Ashley Coates [00:08:59] Zeroing in on Cyber Week alone, we saw that online sales were reportedly down about 1.4%. I’m curious, does this accurately reflect how much consumers purchased and can you explain how programs like buy now, pay later effect have affected members? This year still reflects accurately what consumers are purchasing. 

Chris Walton [00:09:23] Yeah, for sure. Yeah, I mean, I think I’m probably better equipped to talk to the first the first part of that question, if I can try to answer the second part too. You know, for the first part, I mean, online sales being down, I mean, I don’t. First of all, don’t read too much into the numbers from the Black Friday, Cyber Weekend and Cyber Week, even particularly this year, because they’re still just so much noise in the numbers relative to the comps in history. 2020 being the year that it was 2021, still being the year that it is with Omicron starting up and people still not knowing to what made to what to make of that. And then the fact that you had all that online activity being pulled forward as well into the months of October and early November, where those numbers actually are up over the year before, if I’m not mistaken. So. And then you got the supply chain shortages. Who knows how those are hampering the numbers to at the base so. So I think it’s hard. It’s hard to read the numbers in that way. For me, I think it’s this. Still, I kind of look to the next year or even the year after we really get a full sense of what’s going on. As far as your question would be, the buy now, pay later space. You know, I’m not I’m not accounting major. Like, I reference, I knew little about it going into business school, know even less about it, probably going out of it. But but, you know, for my understanding of sales, a sale is a sale and so buy now, pay later space would just change the accounting in terms of when that revenue is claimed. So I wouldn’t I wouldn’t expect much impact to that for that reason, based when you’re looking at the numbers, what it could be doing though, which could get at your point is it could be giving people a little more, so to speak, ammo or dry powder keg with which to go out and make some purchases that they wouldn’t otherwise make, which could be in the numbers up to some degree. But I think it’s probably too early to tell to what degree that’s happening, and it’s still relatively a small portion of the business overall for retail because for the most part, it really hasn’t hit the store side of retail yet, which is, like I said before, 80-90%. So I would, I would imagine, net net. The impact on the buy now, pay later in the numbers is still pretty small. 

Ned Hayes [00:11:21] Right. And we were kind of all on the road to recovery, so to speak. And then Omicron emerged. And by the time this broadcast, who knows, there might be another new variant thoughts about impacts on in-store shopping and retail face to face? I mean, it’s kind of a super broad question, but we all know it’s going to have some sort of impact.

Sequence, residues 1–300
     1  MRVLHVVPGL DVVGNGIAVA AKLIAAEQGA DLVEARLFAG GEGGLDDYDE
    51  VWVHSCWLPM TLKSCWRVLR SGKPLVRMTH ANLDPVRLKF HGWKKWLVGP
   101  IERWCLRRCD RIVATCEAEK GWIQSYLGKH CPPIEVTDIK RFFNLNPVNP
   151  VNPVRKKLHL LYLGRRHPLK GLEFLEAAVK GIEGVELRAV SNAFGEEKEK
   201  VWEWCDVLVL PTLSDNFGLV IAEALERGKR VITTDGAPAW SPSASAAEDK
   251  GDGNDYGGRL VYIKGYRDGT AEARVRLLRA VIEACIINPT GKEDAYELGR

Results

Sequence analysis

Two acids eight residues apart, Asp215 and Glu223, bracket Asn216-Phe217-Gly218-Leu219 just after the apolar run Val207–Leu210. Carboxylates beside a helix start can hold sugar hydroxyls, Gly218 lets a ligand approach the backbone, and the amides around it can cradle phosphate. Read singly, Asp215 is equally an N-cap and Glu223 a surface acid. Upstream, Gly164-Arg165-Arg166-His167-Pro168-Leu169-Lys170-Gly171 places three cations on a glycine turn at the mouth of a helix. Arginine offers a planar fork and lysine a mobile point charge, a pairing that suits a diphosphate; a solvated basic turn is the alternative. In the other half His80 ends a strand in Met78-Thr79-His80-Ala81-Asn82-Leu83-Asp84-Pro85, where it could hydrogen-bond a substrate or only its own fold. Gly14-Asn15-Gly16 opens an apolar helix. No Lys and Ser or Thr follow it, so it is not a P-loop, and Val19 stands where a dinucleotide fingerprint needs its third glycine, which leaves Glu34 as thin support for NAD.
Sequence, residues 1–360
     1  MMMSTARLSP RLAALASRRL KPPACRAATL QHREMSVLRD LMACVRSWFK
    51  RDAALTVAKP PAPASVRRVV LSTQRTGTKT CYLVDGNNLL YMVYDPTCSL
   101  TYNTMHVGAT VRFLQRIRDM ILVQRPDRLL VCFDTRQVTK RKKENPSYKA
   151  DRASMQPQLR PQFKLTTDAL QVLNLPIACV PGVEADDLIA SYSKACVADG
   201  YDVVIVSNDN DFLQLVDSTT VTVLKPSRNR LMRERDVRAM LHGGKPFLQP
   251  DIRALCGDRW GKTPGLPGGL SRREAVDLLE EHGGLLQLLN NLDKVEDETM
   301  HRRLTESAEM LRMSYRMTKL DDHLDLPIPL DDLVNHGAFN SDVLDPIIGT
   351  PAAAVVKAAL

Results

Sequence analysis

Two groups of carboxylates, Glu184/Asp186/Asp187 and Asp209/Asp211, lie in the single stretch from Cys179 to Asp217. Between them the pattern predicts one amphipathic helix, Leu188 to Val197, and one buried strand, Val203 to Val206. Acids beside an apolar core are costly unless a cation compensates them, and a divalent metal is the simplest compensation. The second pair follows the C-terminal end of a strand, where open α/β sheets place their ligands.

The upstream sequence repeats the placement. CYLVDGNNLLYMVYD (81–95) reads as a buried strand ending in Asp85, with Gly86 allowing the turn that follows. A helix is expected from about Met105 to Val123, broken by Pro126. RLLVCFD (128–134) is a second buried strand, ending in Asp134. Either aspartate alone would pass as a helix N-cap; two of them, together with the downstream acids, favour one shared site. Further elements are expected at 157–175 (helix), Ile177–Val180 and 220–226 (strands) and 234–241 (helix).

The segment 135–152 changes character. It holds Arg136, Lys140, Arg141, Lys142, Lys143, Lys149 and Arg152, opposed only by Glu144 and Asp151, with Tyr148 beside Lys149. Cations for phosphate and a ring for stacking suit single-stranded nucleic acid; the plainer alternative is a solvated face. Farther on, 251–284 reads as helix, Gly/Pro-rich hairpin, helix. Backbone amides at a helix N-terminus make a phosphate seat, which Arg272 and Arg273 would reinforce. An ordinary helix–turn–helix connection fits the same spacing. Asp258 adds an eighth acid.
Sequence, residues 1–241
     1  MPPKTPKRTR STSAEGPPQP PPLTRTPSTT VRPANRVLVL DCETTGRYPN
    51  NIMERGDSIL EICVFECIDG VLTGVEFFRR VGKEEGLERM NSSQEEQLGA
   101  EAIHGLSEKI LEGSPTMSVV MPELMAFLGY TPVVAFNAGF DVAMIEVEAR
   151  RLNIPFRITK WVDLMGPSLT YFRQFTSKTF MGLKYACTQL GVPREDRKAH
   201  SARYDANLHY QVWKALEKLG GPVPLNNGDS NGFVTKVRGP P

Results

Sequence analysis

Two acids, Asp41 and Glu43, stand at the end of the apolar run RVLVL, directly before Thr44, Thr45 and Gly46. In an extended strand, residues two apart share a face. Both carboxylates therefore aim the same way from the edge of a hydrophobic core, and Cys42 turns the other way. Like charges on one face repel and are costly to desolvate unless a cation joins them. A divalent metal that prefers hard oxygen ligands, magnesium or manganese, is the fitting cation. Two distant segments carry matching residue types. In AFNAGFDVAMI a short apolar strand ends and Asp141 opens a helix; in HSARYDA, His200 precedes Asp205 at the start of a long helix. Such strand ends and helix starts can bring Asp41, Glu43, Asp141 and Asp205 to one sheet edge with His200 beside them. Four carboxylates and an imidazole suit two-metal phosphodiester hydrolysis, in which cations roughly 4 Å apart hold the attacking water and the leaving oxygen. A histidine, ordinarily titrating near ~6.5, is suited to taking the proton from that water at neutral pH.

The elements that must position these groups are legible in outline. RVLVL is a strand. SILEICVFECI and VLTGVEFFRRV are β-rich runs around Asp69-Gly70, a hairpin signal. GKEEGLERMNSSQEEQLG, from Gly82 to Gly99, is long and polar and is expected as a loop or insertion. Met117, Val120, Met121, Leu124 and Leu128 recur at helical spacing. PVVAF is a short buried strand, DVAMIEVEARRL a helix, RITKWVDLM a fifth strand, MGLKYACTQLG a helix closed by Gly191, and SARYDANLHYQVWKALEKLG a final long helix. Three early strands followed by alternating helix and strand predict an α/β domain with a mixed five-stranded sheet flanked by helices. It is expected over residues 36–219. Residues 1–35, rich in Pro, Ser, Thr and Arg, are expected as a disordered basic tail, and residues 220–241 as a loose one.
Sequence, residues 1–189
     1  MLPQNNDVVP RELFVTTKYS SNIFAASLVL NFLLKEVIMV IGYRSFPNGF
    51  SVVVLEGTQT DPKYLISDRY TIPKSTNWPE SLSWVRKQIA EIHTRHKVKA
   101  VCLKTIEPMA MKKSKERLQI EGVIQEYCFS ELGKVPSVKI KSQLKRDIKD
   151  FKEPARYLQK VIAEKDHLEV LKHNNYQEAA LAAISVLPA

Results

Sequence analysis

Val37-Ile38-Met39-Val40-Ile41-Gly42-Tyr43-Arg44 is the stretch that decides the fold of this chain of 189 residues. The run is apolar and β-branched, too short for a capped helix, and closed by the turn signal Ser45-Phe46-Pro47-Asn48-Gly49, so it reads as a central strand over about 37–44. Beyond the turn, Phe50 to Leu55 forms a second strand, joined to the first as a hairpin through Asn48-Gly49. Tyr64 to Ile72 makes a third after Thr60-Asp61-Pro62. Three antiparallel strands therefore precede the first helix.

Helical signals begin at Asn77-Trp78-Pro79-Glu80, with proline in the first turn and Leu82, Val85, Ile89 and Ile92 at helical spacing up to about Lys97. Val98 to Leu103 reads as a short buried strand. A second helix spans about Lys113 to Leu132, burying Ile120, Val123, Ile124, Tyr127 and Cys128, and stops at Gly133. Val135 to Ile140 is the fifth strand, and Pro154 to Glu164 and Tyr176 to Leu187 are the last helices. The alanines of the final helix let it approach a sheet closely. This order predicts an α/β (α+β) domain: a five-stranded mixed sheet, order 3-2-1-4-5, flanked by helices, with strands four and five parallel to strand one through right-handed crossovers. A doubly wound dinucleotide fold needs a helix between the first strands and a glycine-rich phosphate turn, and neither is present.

Chris Walton [00:11:41] Yeah, I mean, I know we’re coming off, I mean, just a couple of days ago, right from recording this like Saturday Night Live had to run replays again, makes me wonder, you know what’s going to happen NRF here in a few weeks to the big show that we’re all geared up for and excited about. Yeah, I don’t know. I think you can foresee I’d say at this point, you know, it’s not our first rodeo as as a nation, as consumers across the world at this point. We’ve all been through it. It’s just going to be a question of what do we all need to do to mediate the issues that we face municipality by municipality. And so I think the roadmaps are there. You know, my prediction would just be we’ll see people gravitate towards the things they did before, which was, you know, and continue to do opt for curbside pickup up for at home delivery by way of the third party marketplaces like Instacart and DoorDash as the world, especially for groceries, if we’re all stuck at home trying to shop for groceries again. But yeah, I don’t. I think again, Ned, I don’t I don’t expect major changes in behavior. I think it’ll just be like, OK, let’s buckle up. Get through this for a couple of hard months and figure out how we still try to claw our way back to normal. 

Ashley Coates [00:12:48] Yeah, absolutely. Also, besides the virus, we have other issues that affect retail this year. You mentioned supply chain, which has been huge. What’s it large brands have done this year to manage their inventory better? And what what can brands do in the future to to manage inventory?